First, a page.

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Film Review: ‘Afflicted’

A nifty found-footage thriller that marks a promising debut for writing-directing duo Clif Prowse and Derek Lee.

Clif Prowse, Derek Lee, Baya Rehaz, Benjamin Zeitoun, Zach Gray, Edo Van Breemen. (English, French, Italian dialogue)

The overexposed found-footage gimmick is applied to the rather more durable vampire genre in “Afflicted,” a low-budget horror-thriller that’s resourceful enough to wring a few fresh chills from a slender premise and a less-than-novel formal conceit. Starring as two camera-wielding Canadian buddies whose trip around the world takes a most unwelcome supernatural turn, Clif Prowse and Derek Lee make a promising feature writing-directing debut with this fun and moderately freaky genre exercise, which proves weaker in the closing stretch than in its gradually unsettling buildup, but easily sustains attention until the end of its tight 85-minute running time. Likely to bite off its fair share of the homevid market following a limited theatrical run through CBS Films, this festival-lauded item augurs well for Prowse’s and Lee’s future projects.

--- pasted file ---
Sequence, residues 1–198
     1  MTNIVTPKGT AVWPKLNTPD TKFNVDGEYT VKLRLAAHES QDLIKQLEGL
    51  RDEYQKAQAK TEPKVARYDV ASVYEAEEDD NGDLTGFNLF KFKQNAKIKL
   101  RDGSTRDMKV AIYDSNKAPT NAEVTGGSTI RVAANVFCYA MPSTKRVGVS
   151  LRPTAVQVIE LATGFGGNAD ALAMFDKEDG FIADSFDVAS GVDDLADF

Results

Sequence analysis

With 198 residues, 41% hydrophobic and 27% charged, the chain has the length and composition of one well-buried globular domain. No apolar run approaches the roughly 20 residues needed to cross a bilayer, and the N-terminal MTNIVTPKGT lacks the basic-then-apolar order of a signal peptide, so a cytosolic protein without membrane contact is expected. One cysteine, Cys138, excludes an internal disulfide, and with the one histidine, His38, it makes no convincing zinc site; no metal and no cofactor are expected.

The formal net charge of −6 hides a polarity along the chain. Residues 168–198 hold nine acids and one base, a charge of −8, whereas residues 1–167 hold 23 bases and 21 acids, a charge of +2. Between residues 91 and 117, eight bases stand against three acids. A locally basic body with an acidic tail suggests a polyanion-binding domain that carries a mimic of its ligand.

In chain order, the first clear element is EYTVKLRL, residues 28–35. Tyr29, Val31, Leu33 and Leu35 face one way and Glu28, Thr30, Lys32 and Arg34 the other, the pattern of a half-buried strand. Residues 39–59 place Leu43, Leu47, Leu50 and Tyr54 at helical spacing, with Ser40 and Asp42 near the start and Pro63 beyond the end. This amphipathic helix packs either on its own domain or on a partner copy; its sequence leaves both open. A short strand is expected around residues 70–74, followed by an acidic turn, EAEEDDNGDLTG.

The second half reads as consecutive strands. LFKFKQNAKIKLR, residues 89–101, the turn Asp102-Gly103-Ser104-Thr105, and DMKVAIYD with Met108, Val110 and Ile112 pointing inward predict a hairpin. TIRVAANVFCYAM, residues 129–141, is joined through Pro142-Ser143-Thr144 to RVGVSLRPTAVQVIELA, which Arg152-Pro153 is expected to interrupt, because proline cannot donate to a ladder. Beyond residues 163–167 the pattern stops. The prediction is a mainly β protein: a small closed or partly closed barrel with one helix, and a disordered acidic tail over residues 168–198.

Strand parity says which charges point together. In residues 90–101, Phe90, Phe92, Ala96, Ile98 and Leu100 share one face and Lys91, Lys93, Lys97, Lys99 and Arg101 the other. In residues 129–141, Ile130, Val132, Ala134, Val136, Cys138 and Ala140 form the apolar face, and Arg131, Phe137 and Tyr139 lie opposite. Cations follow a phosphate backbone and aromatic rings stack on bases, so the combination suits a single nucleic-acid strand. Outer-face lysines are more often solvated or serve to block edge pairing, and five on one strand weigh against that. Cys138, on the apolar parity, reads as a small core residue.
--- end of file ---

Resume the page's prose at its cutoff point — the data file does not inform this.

Named after the filmmakers playing them, longtime best friends Clif (Prowse) and Derek (Lee) decide to travel the world for a year — a globe-trotting adventure that Clif, a documentary filmmaker, plans to render as interactive and dynamic as possible by filming much of it and uploading their footage to a blog. The exhilarating “let’s do this!” tenor of the opening scenes is tempered slightly by the revelation that Derek has a brain aneurysm that could rupture at any moment, casting a faintly grim pall over an otherwise carefree transcontinental romp. Derek’s family is understandably concerned about his traveling given his condition, but he’s determined not to let it keep him from his once-in-a-lifetime adventure, even (or especially) if it turns out to be a last hurrah.

It does and it doesn’t. After a few nights’ revelry in Barcelona and Paris, Prowse and Lee orchestrate a nicely chilling tonal shift in which a seemingly innocuous one-night stand with a French babe (Baya Rehaz) leaves Derek unconscious and bloodied. Although he comes to soon enough, he’s never quite himself after that: Moody and out of sorts, prone to taking long naps, and experiencing a decidedly violent change of appetite, he refuses to see a doctor despite the urgings of an increasingly concerned Clif. What follows suggests a cross between “An American Werewolf in London” and the ingenious 2012 found-footage thriller “Chronicle,” and there is no shortage of wicked, stinging moments as Clif and Derek’s attempts to resume their vacation plans go horrifically awry. But there also turn out to be unexpected advantages to Derek’s condition, as he develops superhuman strength, agility and speed, as well as a Spider-Man-like ability to clamber up the sides of buildings.